Red Robin (55) – 1 to 1 1/2 inch fruit by the fistful. Compact plant 8-12″ tall good for containers.
Result: To be planted Fall 2019.

DETERMINATE – GROWN IN GREENHOUSE BEDS
Beaverlodge 6806 Plum (55) – A compact plant, not tall, loaded with small size (2 1/2”) tomatoes.
Result: The plants grown in the greenhouse beds were quite prolific, and as the description suggested, “the plants were so loaded with tomatoes that there seemed to be more fruit than leaves!” Due to my lack of care and fertilization (see above) the plants were somewhat scraggly and some tomatoes had BER. I will do these again with a better fertilization schedule, because there were so many tomatoes on a small plant, they were great in salads and easy to peel when desired.

Bellstar (74) – I had previously grown these in Wellington, and recalled that they produced a good number of nice tomatoes.
Result: These did not do so well in the greenhouse, and did not produce many tomatoes.

Coldset (65) – I had these seeds on hand and decided to try them in the greenhouse.
Result: The plant was too large and did not produce many blossoms before I ripped it out.

Early Red Chief (65-70) – These were to be stout, bushy plants with large beefsteak tomatoes.
Result: These took a long time to produce on plants that were too large for my preference in the greenhouse. I probably will not do them again.

Oregon Spring (60-75) – This typically produces early yields and is cold-hardy.
Result: This has been one of my favorites in the greenhouse. The plant does not grow overly large, and it produces a good number of round, red tomatoes. The current Oregon Spring is just about ready for me to harvest the first tomatoes, which should be about 105 days after transplant. (DTH: 105-120)

Principe Borghese (75) – One of my favorites in my previous garden at lower altitude. Prolific producer of small paste tomatoes.
Result: The plant was too large for my space and did not produce many blossoms before I ripped it out.

Rio Grande (80) – One of my favorites in my previous garden at lower altitude. Produced large paste tomatoes good for canning and easy to peel.
Result: The tomatoes took a very long time to produce and ripen. I think they would do better outdoors in a warmer location.

Siletz tomato

Siletz (65) – I had these on hand after growing them outdoors, and promised to produce well in cooler weather.
Result: The first year I did not stake or cage these and let them sprawl. I will not do that again. These did well in the greenhouse, and continued to produce a second harvest after the first. I had pruned off several top limbs and blossoms to ripen the first several tomatoes, then stopped pruning when new suckers grew to produce the second harvest. (DTH: 94)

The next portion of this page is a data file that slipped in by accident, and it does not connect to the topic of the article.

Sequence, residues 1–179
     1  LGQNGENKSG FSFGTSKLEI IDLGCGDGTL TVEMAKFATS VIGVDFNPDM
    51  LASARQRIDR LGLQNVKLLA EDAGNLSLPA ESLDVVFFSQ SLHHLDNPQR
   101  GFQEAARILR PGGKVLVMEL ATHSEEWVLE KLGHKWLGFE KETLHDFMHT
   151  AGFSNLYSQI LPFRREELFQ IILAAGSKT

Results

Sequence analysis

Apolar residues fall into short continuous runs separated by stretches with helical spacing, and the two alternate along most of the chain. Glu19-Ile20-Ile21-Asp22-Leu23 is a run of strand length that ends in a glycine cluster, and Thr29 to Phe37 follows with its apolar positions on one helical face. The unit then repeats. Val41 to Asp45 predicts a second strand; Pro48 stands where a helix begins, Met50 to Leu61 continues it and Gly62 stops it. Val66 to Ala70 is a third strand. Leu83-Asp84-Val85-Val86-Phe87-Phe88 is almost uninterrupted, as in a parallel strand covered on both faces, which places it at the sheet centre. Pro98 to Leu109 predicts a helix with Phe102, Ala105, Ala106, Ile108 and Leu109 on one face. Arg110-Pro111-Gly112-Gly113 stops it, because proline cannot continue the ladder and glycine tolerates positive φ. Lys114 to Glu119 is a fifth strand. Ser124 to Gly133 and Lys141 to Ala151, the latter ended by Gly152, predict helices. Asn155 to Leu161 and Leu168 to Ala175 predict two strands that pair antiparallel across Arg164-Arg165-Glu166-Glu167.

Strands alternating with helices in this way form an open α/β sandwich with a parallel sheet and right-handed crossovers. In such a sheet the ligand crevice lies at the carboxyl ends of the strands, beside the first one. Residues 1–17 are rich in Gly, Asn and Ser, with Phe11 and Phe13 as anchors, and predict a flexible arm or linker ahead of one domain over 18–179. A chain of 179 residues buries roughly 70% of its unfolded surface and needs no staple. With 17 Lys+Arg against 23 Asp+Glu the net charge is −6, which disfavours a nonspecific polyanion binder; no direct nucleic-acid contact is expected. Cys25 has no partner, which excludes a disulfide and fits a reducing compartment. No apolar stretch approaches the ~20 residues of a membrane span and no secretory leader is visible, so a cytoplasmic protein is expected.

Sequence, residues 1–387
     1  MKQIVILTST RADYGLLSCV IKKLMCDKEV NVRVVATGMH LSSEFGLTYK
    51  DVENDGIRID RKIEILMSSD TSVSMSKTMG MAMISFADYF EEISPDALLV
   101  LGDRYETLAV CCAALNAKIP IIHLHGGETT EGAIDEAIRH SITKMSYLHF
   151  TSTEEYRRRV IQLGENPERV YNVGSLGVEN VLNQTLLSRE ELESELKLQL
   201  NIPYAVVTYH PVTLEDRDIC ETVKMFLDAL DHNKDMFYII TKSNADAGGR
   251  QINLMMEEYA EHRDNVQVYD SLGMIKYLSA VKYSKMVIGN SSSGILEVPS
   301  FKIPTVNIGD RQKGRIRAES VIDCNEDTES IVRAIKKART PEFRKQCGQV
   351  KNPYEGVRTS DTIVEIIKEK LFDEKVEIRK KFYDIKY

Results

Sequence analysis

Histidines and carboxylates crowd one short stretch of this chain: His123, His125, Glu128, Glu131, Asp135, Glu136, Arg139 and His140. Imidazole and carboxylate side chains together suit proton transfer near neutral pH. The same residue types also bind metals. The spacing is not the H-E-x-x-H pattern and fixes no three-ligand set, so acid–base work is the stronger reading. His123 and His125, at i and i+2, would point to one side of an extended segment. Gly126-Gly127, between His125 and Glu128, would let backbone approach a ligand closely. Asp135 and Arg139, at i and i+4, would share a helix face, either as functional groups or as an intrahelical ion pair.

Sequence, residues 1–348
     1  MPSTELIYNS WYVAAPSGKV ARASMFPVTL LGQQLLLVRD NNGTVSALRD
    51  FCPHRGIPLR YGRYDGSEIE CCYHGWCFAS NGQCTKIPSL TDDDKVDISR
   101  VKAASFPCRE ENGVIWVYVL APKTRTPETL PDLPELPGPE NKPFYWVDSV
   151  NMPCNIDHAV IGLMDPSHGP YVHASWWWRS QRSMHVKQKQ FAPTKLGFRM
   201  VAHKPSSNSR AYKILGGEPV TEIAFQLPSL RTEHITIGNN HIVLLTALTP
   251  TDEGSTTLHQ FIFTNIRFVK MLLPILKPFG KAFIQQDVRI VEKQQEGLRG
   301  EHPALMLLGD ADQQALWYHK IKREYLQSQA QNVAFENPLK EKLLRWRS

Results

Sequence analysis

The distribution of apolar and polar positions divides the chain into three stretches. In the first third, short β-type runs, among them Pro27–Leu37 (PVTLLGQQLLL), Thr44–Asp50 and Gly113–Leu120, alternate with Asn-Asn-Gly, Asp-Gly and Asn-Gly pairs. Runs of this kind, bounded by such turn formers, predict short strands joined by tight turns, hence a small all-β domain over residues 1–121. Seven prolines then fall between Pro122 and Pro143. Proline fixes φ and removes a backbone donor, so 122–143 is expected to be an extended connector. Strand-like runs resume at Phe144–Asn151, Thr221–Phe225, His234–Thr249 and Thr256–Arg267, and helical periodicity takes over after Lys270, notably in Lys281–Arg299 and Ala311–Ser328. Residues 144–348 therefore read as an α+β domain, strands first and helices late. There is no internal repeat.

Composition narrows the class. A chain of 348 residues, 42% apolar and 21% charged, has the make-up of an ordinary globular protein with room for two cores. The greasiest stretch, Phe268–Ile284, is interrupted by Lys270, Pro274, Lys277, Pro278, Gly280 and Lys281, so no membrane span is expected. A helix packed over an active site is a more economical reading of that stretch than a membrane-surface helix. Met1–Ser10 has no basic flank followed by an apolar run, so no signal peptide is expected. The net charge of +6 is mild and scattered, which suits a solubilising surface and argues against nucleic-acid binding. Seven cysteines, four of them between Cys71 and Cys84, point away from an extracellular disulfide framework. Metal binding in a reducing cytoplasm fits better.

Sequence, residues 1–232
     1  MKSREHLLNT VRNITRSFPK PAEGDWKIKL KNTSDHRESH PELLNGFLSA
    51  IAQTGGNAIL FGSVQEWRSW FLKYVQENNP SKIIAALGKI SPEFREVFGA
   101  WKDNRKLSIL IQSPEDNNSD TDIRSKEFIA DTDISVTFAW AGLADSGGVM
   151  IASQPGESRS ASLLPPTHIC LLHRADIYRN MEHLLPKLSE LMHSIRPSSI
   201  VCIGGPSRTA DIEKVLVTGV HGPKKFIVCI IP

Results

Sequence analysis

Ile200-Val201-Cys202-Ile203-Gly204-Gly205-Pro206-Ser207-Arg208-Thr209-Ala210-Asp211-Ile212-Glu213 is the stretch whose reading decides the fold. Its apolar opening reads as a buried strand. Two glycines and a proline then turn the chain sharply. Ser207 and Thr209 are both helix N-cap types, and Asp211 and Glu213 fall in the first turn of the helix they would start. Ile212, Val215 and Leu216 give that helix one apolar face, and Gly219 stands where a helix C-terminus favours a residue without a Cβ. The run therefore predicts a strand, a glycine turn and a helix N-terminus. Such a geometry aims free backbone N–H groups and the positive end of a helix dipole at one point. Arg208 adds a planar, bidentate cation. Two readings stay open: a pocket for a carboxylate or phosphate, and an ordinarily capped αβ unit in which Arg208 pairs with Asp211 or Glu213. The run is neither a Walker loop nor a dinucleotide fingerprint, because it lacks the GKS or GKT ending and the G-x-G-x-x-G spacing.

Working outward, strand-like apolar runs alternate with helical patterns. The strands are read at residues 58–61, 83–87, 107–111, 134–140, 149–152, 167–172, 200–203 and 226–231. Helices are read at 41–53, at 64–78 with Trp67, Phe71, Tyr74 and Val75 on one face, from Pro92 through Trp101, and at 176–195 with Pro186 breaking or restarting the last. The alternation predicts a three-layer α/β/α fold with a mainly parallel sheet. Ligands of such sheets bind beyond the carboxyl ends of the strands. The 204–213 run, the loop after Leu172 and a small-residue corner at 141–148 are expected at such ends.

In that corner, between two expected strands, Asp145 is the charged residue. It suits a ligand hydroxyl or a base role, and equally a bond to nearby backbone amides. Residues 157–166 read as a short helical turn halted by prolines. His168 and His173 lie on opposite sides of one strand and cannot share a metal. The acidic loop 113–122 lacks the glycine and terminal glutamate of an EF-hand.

Silvery Fir Tree (55) – This dwarf heirloom is noted to grow well in containers and small gardens.
Result: This had a tendency to grow low to the ground, and after the first experiment of not staking it, I grew another with a tomato cage around it. The caged plant did much better, and was also pruned at the bottom to keep it off the ground. I would do this again. (DTH: 74)

Tasti-Lee F1 (75) – This was listed as a good greenhouse tomato.
Result: This was grown the year of my injury, and I did not keep it well pruned nor pay much attention to it. It did produce nice tomatoes, but I felt it was too tall for the location. If I give this another chance in the future I will place it in a less crowded spot.

INDETERMINATE – TRAINED UP POST AND ALONG BEAMS
Applegate (75) – Listed as a greenhouse variety to produce 2” salad tomatoes.
Result: This did nicely throughout the fall & winter, but the first tomato came 163 days after transplant! The first was transplanted to the greenhouse 8/11 and harvested 1/20, in the dead of winter. There is currently another Applegate growing, which was transplanted 8/9/19. It looks like the tomatoes may ripen by 12/1 or so, which will be 113 days. I will try to update when this happens. (DTH: 160)

Cobra (72) – This is a “preferred variety for the greenhouse” to produce crack-resistant tomatoes.
Result: These will be planted Winter 2020.

Sioux (70) – I had previously grown these outdoors at lower elevation, and since I had the seeds on hand I tried them here.
Result: The first tomatoes were harvested in 120 days. It continued to produce a few at a time and the plant was removed 9 months after transplant to the greenhouse bed. (DTH: 120)

 

TOMATOES GROWN OUTDOORS

First tomato to ripen – August 28, 2017

Glacier (55) – Chosen for short season and cold-hardiness.
Result: These were supposed to be red, but 2 of the plants produced yellow tomatoes. They were fine, just not expected. The tomatoes were good, but the season wasn’t long enough (see above). 

Coldset (65) – Chosen for short season and cold-hardiness.
Result: The tomatoes were good, but the season wasn’t long enough (see above). 

Siletz (65) – Chosen for short season and cold-hardiness.
Result: The tomatoes were good, but the season wasn’t long enough (see above).